As mothers, fathers, guardians or whatever politically correct title you choose to subscribe to we all have our coping mechanisms to deal with the unique experience that is called parenting. It’s very important to find that mechanism and to employ it when you deem necessary to get you through the day, the week or in reality the next 40 years. I’m not sure if it’s a coping mechanism or just a reward for surviving the day but one such example is the cutely named Wine O’ Clock.

This is the time of the evening where the children are in bed, hopefully asleep and mothers all over the country crack open a bottle of wine to unwind after the day’s events. Does that sound blissful to you? Well I have a confession to make. I don’t agree with drinking when you have children in your care.

Well I can almost hear the audible gasps through the computer screen. Before I continue with my reasoning I would like to point out a couple of things. I am speaking about my parenting choices and what I find acceptable in my own home. I have no interest in judging anyone or even pushing my agenda into anyone’s front room. I am not asking you to follow me into midweek sobriety or forgo your glass of vino with your spaghetti bolognaise. I am merely sharing with you my life choices.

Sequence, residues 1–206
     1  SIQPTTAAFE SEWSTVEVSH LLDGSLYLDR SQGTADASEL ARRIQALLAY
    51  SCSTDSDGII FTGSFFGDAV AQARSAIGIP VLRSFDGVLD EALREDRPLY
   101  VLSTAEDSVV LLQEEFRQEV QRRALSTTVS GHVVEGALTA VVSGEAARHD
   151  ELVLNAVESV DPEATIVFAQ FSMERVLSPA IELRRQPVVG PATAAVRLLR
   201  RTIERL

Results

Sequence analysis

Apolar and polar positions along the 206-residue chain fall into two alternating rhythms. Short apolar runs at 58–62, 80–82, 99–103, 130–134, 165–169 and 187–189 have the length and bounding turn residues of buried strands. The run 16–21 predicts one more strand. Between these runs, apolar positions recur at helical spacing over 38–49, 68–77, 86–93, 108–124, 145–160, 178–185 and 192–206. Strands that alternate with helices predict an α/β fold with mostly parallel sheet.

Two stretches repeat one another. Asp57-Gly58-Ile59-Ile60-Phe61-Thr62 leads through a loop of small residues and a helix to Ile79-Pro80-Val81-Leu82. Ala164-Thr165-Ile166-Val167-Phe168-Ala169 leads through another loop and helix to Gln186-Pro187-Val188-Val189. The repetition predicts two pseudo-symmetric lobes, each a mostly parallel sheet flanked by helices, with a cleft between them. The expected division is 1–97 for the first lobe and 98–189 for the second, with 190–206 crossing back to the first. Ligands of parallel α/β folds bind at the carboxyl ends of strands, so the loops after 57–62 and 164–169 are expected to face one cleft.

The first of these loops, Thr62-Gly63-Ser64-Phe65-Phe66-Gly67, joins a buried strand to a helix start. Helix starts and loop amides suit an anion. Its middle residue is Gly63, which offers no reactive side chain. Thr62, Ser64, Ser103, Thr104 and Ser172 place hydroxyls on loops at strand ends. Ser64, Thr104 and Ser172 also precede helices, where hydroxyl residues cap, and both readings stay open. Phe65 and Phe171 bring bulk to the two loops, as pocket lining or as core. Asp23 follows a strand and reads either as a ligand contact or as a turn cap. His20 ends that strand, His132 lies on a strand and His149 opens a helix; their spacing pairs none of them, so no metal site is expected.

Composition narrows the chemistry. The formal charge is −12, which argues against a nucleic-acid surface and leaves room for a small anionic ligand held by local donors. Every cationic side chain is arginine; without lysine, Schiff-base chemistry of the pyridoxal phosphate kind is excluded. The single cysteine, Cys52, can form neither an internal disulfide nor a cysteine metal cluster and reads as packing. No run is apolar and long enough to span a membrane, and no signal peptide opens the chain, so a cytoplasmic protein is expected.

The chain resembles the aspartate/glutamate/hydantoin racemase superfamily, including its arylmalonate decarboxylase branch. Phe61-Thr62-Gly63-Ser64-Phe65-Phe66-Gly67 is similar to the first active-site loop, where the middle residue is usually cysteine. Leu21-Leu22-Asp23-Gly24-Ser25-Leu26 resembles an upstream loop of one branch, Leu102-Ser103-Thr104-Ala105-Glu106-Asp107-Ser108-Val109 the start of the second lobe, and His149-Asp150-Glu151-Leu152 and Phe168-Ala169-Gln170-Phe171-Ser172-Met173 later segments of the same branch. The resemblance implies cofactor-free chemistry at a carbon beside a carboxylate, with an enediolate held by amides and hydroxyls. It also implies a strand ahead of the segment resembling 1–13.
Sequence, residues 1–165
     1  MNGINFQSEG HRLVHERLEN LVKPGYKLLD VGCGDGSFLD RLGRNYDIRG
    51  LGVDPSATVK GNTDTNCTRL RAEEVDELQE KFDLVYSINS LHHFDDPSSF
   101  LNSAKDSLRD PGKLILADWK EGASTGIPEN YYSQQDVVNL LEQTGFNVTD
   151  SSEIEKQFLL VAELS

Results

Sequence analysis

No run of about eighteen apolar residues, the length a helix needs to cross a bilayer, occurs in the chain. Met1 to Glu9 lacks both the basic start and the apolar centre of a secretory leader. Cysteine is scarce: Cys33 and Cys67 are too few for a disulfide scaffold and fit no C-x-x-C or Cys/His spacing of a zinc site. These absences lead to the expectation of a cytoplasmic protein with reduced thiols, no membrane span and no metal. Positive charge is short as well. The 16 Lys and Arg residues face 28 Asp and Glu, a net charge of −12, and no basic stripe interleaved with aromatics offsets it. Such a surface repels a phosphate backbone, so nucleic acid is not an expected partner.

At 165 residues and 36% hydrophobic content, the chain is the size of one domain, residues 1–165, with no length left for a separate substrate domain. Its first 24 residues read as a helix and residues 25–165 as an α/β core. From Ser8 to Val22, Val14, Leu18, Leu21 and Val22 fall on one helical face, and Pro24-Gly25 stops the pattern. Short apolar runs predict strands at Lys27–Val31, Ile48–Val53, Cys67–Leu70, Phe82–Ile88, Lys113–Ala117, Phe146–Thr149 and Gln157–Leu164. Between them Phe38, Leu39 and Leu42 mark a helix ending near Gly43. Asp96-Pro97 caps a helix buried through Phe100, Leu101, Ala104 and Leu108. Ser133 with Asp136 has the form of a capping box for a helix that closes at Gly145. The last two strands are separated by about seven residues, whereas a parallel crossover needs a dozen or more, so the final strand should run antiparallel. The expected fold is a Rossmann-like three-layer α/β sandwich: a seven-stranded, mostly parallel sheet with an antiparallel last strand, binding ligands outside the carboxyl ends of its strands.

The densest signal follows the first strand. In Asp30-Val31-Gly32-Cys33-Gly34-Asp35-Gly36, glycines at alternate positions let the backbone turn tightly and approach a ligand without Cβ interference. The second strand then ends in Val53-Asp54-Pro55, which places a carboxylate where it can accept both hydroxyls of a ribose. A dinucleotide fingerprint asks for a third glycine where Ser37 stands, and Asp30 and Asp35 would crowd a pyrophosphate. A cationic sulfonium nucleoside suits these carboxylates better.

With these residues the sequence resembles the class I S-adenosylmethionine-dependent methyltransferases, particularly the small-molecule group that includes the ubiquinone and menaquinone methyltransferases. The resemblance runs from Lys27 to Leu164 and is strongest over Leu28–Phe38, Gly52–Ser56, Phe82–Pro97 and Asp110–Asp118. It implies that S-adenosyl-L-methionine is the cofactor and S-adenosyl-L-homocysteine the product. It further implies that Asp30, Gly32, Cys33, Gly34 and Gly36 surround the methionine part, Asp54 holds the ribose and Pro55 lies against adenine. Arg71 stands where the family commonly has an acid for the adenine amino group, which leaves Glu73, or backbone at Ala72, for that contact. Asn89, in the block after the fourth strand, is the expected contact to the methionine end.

It’s easy for me to not have a glass of wine because I’m not a big drinker. Don’t get me wrong I can hold my own on a night out but it could be months in between a trip to the local. My chosen affliction is Diet Coke and junk food…. That I don’t have to share!

wine-shine.jpg